in reply to
[SOLVED] Unwanted parameter when executing CGI scripts
It also occurs to me to wonder, and with considerable alarm, “exactly what is it about your present algorithm which makes you care that an ‘extra’ parameter value is appearing in the data?” Of particular concern to me is that perhaps the software is iterating through the parameters given and attempting to do something with them “no matter what they are,” on the very na´ve and very dangerous assumption that only the “expected” parameter-names could actually be there. (PHP was most-notorious for this in its earliest days, when it would “helpfully” introduce every POST/GET variable that it saw, right into the variable pool. “Helpful” indeed it was, if one is not thinking of malice, and of course it didn’t last long. But there are still probably some vulnerable web-sites out there that are still being hacked because of it.) Your application should know exactly what variable-names it might consider. It should look only for submitted variables under those names, at the exclusion of any and all others. It should, furthermore, validate each of these, using a regular-expression (say), before accepting any of them. Never allow the user (which could well actually be a malicious “bot!”) to “stuff” anything into your application’s brain.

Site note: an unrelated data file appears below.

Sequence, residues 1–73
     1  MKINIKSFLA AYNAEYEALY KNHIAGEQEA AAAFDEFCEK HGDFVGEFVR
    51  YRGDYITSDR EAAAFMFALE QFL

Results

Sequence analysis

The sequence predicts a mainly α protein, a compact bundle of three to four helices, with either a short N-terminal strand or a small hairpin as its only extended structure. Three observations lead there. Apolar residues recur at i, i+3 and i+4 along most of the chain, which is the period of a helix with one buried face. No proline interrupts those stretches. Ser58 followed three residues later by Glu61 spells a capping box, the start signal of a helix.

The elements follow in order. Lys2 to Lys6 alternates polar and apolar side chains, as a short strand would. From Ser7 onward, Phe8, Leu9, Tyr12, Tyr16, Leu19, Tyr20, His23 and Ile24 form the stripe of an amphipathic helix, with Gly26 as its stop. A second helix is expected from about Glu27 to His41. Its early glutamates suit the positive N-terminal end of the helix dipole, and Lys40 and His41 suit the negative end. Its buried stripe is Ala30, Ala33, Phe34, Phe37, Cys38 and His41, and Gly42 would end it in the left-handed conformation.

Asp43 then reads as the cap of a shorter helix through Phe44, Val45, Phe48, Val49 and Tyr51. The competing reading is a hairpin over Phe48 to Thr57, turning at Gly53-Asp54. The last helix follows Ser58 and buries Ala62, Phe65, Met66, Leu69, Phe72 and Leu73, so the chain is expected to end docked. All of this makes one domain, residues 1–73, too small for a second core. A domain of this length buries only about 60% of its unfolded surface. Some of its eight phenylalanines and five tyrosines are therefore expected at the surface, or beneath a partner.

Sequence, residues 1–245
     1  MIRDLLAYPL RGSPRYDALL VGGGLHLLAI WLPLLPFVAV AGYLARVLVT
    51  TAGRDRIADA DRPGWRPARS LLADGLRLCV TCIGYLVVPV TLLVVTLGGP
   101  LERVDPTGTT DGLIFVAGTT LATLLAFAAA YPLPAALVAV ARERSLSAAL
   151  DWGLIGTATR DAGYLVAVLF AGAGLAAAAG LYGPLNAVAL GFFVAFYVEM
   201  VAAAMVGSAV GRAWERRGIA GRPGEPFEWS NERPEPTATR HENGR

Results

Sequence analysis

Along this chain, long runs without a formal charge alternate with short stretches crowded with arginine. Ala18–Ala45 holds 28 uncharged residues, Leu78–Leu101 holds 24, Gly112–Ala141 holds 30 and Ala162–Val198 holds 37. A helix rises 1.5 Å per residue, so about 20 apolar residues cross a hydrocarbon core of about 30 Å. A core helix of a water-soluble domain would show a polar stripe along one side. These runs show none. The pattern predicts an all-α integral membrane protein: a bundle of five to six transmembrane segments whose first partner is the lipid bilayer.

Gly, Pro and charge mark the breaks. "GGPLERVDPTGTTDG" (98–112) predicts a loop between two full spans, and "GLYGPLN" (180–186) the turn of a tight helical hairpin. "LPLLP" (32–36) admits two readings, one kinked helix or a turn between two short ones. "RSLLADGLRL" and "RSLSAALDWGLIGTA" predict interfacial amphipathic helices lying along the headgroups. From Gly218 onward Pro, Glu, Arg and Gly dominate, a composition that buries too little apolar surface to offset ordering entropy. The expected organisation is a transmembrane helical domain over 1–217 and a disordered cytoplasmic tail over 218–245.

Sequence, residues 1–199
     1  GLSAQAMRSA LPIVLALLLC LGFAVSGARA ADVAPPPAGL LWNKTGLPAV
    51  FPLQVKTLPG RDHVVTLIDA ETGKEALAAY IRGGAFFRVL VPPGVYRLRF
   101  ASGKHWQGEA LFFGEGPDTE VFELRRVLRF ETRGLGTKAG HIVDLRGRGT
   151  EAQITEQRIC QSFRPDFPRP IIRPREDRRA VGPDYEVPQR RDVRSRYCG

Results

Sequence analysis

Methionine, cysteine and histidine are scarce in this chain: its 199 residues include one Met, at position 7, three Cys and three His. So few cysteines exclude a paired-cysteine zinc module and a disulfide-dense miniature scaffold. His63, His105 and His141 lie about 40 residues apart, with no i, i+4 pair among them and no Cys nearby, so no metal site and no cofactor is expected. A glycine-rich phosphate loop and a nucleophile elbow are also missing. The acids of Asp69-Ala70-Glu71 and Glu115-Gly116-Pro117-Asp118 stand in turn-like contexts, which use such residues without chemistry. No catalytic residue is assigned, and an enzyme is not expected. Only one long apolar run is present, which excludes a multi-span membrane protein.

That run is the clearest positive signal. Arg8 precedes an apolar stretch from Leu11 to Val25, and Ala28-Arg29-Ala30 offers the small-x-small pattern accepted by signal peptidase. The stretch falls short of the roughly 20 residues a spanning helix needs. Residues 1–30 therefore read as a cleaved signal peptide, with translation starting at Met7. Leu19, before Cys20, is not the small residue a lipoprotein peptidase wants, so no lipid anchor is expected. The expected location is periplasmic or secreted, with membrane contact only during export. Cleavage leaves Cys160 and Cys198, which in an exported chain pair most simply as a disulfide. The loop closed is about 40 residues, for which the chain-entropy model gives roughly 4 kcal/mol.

(Edit: Parameter validation should always occur in two places. First, the user interface should filter out typographic errors before attempting to submit anything to the host. But second, the host should validate everything it receives, both syntactically then semantically. I am of the opinion that, if anything is found to be wrong in second-stage verification, the host perhaps should throw-out all of it, and perhaps using 400 Bad Request. Ditto the presence of “unexpected” parameters in the input, on the rationale that it is “a bug, at best” for them to be present. The client-side validation is for user convenience (and to reduce network bandwidth); the second is for the server’s own protection and to facilitate the detection of legitimate errors “somewhere” in the software. (Even in 100%-innocuous scenarios, the hardest thing about troubleshooting any problem is knowing that a problem exists.)